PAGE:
Q
12-05-2009, 12:16 PM
I think that vanir hit it on the head. In this situation, I think that he simply saved whomever he thought he had the best chance of saving at the moment.

JediAthos
12-05-2009, 07:01 PM
I don't think this gentlemen did anything more than what any other person would do. In fact he may have done more than some people as some would resulted to panic and failed to save either person.

I truly feel sorry for his loss and am glad he was able to save one life and would hope I would be able to do the same in his situation while at the same time hoping I never have that choice to make.

thegreatjoshini
12-07-2009, 07:12 PM
I would 100% of the time save the younger person. Even if they were not my child. The reasoning is simple, the younger person still has a future whereas the older person has less of one.

mimartin
12-07-2009, 08:36 PM
I would 100% of the time save the younger person. Even if they were not my child. The reasoning is simple, the younger person still has a future whereas the older person has less of one.I'd agree if we were talking about a 75 year old vs a 13 year old, however whose to say who will live longer between a 35 year old and a 13 year old. There are no guarantees in life. We are not given some magic number that guarantees a certain amout of time to live.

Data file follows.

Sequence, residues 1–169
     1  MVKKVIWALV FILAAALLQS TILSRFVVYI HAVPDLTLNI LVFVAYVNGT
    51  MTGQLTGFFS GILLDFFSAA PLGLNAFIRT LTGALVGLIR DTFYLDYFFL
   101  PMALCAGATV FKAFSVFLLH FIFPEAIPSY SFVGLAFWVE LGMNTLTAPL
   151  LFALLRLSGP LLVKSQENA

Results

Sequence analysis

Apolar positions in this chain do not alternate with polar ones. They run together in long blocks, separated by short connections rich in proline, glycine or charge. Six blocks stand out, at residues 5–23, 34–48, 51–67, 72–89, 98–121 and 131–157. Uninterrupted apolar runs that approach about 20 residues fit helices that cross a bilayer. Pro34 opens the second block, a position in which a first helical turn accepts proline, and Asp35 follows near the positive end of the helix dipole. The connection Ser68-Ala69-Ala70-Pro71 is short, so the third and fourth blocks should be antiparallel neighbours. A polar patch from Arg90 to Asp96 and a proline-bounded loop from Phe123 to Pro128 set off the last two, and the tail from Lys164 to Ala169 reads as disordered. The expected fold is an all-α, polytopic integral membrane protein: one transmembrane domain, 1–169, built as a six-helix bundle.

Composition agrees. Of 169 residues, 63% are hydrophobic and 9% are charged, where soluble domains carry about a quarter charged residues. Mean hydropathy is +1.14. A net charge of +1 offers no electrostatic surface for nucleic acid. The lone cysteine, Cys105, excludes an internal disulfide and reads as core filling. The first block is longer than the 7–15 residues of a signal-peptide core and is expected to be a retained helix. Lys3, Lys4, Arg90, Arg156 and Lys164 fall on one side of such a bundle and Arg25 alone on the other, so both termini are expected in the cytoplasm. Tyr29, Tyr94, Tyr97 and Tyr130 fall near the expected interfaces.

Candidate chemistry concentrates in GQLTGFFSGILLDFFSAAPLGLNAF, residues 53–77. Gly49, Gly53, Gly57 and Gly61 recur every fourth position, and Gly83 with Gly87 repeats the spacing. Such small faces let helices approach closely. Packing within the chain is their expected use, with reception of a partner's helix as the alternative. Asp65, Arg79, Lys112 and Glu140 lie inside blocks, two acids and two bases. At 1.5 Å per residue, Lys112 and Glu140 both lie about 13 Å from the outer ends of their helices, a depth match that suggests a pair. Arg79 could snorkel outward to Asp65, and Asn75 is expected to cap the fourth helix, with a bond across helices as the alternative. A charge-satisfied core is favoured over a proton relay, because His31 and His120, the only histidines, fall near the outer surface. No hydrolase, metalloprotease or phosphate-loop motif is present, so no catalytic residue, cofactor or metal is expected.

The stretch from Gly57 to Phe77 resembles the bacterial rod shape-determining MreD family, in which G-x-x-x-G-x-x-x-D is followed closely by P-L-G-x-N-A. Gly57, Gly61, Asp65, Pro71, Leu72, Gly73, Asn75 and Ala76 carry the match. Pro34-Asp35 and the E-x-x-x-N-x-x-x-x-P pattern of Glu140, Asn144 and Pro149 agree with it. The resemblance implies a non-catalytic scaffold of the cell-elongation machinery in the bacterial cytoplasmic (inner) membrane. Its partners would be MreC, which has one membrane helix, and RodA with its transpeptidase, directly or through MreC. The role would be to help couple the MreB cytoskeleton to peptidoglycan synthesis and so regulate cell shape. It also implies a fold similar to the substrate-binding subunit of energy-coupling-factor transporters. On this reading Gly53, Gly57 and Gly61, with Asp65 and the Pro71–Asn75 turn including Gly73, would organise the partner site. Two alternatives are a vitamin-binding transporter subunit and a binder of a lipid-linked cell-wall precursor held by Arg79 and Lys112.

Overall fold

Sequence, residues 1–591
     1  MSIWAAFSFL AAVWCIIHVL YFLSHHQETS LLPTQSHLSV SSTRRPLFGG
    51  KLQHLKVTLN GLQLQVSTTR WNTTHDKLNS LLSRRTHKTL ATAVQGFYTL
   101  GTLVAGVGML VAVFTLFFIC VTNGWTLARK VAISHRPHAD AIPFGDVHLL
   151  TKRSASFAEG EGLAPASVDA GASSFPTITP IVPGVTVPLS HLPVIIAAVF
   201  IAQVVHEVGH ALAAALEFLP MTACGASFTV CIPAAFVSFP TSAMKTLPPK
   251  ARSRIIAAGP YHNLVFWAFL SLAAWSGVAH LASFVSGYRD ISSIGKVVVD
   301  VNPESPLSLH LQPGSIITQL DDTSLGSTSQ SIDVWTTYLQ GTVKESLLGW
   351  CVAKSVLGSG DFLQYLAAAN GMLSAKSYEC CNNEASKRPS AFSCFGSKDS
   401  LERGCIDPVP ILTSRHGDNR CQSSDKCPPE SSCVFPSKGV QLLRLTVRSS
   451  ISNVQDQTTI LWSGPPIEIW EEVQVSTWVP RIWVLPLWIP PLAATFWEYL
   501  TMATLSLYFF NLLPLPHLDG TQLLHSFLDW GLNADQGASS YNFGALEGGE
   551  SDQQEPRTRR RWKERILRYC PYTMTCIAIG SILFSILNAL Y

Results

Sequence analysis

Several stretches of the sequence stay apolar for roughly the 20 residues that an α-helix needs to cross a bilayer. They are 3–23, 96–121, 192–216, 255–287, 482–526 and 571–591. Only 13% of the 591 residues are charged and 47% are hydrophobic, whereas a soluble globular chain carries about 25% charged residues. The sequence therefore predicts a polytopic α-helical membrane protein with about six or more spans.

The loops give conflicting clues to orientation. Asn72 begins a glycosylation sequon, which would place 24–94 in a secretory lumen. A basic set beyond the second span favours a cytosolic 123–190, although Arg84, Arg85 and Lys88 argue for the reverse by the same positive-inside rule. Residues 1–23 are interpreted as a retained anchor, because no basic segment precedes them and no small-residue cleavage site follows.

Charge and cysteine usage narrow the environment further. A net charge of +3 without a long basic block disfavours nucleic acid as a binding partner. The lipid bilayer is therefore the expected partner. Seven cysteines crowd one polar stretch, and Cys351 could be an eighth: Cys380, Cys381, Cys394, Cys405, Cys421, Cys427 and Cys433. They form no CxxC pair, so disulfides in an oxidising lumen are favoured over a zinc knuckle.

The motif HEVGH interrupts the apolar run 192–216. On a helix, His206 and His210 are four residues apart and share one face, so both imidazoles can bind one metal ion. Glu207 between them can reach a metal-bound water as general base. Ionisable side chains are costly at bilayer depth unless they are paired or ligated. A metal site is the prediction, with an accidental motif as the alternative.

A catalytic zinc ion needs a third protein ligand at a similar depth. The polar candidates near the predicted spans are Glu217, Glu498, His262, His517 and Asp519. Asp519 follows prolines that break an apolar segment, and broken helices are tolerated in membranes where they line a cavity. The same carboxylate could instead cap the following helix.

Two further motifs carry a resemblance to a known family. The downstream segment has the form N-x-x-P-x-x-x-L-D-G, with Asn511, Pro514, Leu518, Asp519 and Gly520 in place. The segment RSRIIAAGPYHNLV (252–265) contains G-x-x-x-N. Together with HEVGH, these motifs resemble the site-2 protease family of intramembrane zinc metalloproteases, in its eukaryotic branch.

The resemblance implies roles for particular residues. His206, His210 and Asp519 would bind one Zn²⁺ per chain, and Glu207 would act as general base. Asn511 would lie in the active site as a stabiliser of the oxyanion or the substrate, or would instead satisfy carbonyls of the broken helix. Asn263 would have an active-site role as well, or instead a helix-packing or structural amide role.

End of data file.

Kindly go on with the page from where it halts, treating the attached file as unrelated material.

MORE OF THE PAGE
Web Rider
12-07-2009, 08:46 PM
I don't think I'd have any idea who to save. That's not to say I would be indecisive, it's just to say that I would have no logical reasoning behind it. "I saved ??? because I did." I highly doubt my brain or anyone's brain would act on anything other than pure instinct. Whichever one I could get to first would probably be the one that I saved.

thegreatjoshini
12-08-2009, 03:11 AM
I'd agree if we were talking about a 75 year old vs a 13 year old, however whose to say who will live longer between a 35 year old and a 13 year old. There are no guarantees in life. We are not given some magic number that guarantees a certain amout of time to live.

Avg life expectancy is around 75 years old. So yeah, I'm still going with what I originally said.

mimartin
12-08-2009, 10:54 AM
Avg life expectancy is around 75 years old. So yeah, I'm still going with what I originally said.Not saying I agree with your number. I have no clue to the avg life expectancy for NZ. However, let us say for a moment I accept your number. As I wrote before, if all things were equal (equal chance of rescue, equal difficulty of rescue, equal time of rescue, and so on…) then I would agree with you about always rescuing the younger person.

However in this case, everything was not equal. The 35 year old woman was accessible while the 13 year old was submerged inside a vehicle. As Mr. Horton stated in the article, “Instead of going down and risking my life as well as my wife and son's, I chose to take V(anessa) back and sat on the shore praying. It was all I could do.”

So are you advocating risking 2 lives to save 1 just because the 1 life may (or may not) have longer to live)? Like I wrote, all things being equal, I would agree with you. However, in real life, things are rarely equal.

Q
12-08-2009, 02:16 PM
I would 100% of the time save the younger person. Even if they were not my child. The reasoning is simple, the younger person still has a future whereas the older person has less of one.
You can't honestly say that with any genuine certainty at all.

Nice to know that you're in favor of age discrimination, though.